You may ask what is in store for all of this medicine that I gratefully and humbly harvested from this lovely land?
I have created a line called “Tug Hill Herbals” which will continue the tradition that Quaternity Holistics began: intermingling the use of local, wild-crafted herbs with traditional Chinese, Ayurvedic and Western herb to create unique formulas inspired by the region, life and with the hope of helping us work through some of our struggles be they physical, emotional/mental or spiritual.
I have a lot of ideas for future products, and a lot of herbs with which to bring these ideas to fruition.
My heart feels full and happy with this new venture, and I hope that you will love the new things that are sure to come.
One thing I know for sure: I will be offering small sample sizes for purchase, and a variety of other smaller items so you can experiment with my potions.
Do you harvest or make any of your own herbal medicine? What do you harvest/make, if you do?
What do you wish you could harvest/make, if you do not?
What are some herbal medicines that you wish you could have on hand on a regular basis?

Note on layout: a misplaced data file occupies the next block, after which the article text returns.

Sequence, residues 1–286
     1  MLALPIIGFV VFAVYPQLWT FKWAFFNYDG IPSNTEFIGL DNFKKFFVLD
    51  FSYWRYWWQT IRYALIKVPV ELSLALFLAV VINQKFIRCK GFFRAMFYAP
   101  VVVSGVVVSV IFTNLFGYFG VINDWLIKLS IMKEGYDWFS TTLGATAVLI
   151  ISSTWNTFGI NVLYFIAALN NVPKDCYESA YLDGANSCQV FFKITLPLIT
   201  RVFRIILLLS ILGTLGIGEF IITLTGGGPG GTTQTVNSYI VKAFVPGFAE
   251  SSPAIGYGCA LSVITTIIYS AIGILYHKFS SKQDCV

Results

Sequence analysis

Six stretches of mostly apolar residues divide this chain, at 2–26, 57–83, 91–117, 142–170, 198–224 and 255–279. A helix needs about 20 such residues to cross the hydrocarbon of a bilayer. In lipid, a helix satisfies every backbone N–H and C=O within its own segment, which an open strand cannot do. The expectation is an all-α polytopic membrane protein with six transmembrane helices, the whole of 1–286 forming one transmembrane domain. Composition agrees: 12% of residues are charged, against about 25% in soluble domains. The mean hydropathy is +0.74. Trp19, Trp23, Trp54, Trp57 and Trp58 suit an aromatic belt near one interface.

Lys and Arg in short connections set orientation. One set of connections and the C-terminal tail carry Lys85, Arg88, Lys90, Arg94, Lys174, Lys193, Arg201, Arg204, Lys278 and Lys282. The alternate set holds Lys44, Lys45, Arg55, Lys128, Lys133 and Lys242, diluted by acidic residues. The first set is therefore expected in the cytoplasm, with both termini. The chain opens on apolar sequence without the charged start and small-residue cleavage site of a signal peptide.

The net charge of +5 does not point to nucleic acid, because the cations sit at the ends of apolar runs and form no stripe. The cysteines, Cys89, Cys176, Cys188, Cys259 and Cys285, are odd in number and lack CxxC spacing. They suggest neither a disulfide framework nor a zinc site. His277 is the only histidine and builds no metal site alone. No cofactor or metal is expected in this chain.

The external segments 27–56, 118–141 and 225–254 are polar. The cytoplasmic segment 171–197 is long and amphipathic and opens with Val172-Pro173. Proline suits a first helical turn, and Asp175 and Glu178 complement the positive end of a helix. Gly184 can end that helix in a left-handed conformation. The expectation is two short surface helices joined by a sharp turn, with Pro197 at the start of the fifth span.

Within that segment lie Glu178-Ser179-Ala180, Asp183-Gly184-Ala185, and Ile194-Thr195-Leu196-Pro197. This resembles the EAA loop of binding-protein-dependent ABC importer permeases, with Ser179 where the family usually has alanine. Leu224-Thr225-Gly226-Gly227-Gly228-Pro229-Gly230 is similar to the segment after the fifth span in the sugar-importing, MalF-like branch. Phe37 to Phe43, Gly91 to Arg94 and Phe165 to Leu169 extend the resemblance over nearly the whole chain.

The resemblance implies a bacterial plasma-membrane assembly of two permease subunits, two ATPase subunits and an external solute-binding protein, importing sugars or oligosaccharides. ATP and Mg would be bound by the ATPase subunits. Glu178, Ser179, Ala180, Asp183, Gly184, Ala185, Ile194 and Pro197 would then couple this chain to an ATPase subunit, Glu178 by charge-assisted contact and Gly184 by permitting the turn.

*There has been much debate about the “ethics” of harvesting ghost pipe and promoting its use as a “pain reliever” due to the fact that the growing conditions are very specific, and it is rare in many parts of the country, and there are fears that this mysterious plant may become endangered similar to goldenseal and American ginseng. For one, ghost pipe does not relieve pain, it provides the mental separation between yourself and your pain. If you are unable to do this without the herb, in any capacity, the herb will not work for you. This herb simply provides you with the additional ability to continue the separation between yourself and your experience of pain. It is not a catch-all pain reliever, and I have taken it personally enough times to know if/when it will be helpful and when it would not be worth taking. Secondly, ghost pipe is very plentiful in the region where I harvest. The stands that I have been harvesting from have not been negatively impacted by my wild-crafting in the years since I began harvesting insofar as population density and growth. I only take the upper (aerial) portions of the plant, I do not use shears but my hands, requesting permission to harvest for medicine-making purposes with each stand first, and I typically will take one perhaps two flower stalk(s) per stand. This ensures that the stand is able to continue its growth cycle with limited negative impact. If I were in an area where this plant was not plentiful, I would not be harvesting it.